Veterans and their families that are suffering due to VA shortcomings want acknowledgement that their suffering is indeed real. They want to be heard and validated. They want someone to take responsibility. I am one of them. My dad is dead because of the poor organization and management of the Veterans Affairs Healthcare System. Unfortunately this is par for the course. Someone on twitter today asked for names of people that are detractors of Shinseki. My name is Allie Carnes and you can add my name to the list of people that think Sec. Shinseki should no longer be in charge of the Department of Veterans Affairs.
If anyone from the VA or Congress is reading this and thinks that I am wrong ask yourself if you would want to wait 8 months for chemotherapy knowing you had cancer.
Me, photo taken by Zach a few weeks ago, during a much warmer weekend.
P.S. The City Museum in Raleigh is not worth the $5 it costs to enter. It is one room only half full of an exhibit, which mainly consists of bad copies of photos pertaining to the evolution of media in the Raleigh area. I had no idea that this was the case when I decided to go there. I was documenting a museum exhibit in preparation for an assignment in my history class. My professor required photographic evidence of our presence at the museum we chose to document an exhibit at.
My dad was admitted to the hospital tonight until they can set up hospice. I knew this was coming. But now it’s real. We’ve turned a corner that we won’t be coming back from. He can barely speak or move. I’m sure some of it is the cancer and some of it is the morphine.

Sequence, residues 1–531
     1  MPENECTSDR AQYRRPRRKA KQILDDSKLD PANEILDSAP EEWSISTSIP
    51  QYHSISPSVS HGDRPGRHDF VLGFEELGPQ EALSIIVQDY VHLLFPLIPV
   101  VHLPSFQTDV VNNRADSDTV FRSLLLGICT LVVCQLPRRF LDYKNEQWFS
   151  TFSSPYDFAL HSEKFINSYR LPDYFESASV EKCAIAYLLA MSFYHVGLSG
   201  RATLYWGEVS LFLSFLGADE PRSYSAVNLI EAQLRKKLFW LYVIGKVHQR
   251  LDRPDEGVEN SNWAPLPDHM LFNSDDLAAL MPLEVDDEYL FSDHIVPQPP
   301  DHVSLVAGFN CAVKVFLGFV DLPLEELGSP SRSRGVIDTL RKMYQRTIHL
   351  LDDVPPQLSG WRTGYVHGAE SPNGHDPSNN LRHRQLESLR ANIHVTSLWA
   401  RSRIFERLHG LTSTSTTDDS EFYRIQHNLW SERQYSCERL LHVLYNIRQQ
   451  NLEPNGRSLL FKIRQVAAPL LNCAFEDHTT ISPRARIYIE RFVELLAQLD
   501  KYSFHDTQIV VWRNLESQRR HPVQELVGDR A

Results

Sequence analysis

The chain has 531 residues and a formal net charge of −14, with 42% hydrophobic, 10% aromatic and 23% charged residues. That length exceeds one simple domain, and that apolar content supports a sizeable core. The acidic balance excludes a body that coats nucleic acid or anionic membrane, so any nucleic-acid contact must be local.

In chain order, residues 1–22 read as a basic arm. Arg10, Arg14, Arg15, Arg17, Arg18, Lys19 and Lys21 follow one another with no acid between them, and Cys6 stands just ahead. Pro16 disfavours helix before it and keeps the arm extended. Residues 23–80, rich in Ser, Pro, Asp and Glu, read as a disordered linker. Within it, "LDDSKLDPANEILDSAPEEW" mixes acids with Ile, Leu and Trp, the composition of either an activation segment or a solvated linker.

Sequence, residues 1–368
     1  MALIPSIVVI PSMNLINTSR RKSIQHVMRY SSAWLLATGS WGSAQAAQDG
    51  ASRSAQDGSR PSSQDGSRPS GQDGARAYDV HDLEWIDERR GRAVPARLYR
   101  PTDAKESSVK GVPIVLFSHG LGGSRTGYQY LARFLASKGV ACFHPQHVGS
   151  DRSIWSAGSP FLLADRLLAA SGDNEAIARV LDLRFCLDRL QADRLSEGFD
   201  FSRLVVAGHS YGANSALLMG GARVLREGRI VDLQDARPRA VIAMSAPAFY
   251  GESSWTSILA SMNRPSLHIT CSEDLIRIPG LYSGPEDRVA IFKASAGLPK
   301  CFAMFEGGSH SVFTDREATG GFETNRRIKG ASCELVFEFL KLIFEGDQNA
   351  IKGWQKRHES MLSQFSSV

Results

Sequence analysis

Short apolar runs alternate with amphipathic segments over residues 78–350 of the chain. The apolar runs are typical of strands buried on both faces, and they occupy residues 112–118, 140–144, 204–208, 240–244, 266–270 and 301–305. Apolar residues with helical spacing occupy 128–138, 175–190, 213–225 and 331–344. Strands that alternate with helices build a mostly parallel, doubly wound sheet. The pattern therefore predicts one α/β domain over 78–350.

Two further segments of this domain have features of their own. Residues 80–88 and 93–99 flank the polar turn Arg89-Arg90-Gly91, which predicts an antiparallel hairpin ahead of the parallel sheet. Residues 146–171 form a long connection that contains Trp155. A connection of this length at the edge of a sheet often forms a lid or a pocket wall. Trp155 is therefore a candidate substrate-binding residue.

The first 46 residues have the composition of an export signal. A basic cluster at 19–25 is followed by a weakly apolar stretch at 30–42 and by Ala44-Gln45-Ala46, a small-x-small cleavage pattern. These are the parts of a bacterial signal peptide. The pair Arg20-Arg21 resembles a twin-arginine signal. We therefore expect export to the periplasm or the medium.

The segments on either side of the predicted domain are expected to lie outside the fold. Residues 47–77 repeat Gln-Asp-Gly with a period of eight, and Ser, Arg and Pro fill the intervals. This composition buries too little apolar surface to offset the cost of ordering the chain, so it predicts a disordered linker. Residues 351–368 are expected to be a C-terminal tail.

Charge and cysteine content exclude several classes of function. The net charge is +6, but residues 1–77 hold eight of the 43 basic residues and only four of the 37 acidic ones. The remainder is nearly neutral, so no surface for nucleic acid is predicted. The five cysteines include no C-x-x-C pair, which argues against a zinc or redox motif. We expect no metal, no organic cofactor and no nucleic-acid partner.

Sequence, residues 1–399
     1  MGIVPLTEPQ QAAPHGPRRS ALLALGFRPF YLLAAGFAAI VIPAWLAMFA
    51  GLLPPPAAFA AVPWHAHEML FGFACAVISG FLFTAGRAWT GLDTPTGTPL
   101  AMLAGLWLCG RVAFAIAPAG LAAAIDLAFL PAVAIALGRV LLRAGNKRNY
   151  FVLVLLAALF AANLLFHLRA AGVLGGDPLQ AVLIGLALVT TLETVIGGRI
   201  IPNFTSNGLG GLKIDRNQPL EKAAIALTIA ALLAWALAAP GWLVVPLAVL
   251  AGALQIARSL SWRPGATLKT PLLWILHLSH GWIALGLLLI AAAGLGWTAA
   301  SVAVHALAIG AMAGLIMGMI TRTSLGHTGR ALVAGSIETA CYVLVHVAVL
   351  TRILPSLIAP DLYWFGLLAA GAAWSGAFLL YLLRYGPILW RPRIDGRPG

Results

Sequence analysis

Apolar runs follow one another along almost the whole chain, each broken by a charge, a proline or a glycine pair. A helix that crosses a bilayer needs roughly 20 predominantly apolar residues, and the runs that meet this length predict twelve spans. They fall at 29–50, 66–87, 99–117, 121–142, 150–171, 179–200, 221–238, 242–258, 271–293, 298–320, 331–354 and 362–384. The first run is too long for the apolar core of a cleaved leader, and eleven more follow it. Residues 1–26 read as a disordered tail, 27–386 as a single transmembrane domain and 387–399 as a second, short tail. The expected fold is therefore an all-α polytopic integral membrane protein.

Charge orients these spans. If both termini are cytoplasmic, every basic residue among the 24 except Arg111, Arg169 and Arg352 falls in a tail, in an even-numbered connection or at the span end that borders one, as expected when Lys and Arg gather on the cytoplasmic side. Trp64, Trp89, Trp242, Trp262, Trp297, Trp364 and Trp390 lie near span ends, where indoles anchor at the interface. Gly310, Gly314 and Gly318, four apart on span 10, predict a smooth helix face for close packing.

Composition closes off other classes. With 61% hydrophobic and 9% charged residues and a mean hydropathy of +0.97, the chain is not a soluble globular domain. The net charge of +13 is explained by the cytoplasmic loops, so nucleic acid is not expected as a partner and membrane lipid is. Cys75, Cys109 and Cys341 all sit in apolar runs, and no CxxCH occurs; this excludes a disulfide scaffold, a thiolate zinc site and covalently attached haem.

I went home to Chicago right before Christmas. My dad had spent three weeks in the hospital undergoing radiation. We had a nice visit. I smuggled him snacks from the vending machines and made sure he had enough Lipton tea for the rest of his stay and I tried to make him laugh as much as possible. I hoped the radiation would make a dent in his quality of life, but it didn’t. After he went through chemo I had no illusions about where this was going, but there is that tiny part of you that wants more. Now, now I just don’t want him to suffer anymore.
After radiation, he was discharged on, Christmas Eve. I talked to him when he got home and one last time since, about two weeks ago. He’s just had such a hard time talking, mostly slurring. Our conversation on Christmas Eve didn’t go very well. He was so upset, broken, tired, and sad. He isn’t a man of many emotional words. But when I saw this post on BoingBoing tonight I clicked over to Lisa’s blog. I read through it and found a post titled “Alone.” Not in so many words, my dad told me the same thing the night he was discharged. I wish I could do more for him but sometimes it just isn’t possible. All I can do is love him.
If you get a chance check out Lisa’s blog. It touched my heart, it gave me a little more insight into my dad.
During the Spring I sewed over 200 feet of bunting for my wonderful friend’s wedding. I ended up burning my arm really bad, hastily ironing. Since I finished that project I haven’t really sewn anything. Anyway, a friend of ours is moving and I made her a bag for a going away present, and I made another one for an already far away friend. I forgot how easy it is to get lost in a project. I love it. And it’s even better when you can give them away to people you like.